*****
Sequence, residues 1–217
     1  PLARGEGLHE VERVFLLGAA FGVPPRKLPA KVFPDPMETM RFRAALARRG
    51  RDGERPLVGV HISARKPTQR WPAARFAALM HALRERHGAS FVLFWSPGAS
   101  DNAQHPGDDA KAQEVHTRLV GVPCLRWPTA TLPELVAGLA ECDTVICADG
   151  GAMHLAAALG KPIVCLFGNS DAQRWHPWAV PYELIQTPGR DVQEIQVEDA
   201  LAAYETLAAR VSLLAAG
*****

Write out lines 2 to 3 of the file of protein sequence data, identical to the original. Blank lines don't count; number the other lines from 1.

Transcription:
     1  PLARGEGLHE VERVFLLGAA FGVPPRKLPA KVFPDPMETM RFRAALARRG
    51  RDGERPLVGV HISARKPTQR WPAARFAALM HALRERHGAS FVLFWSPGAS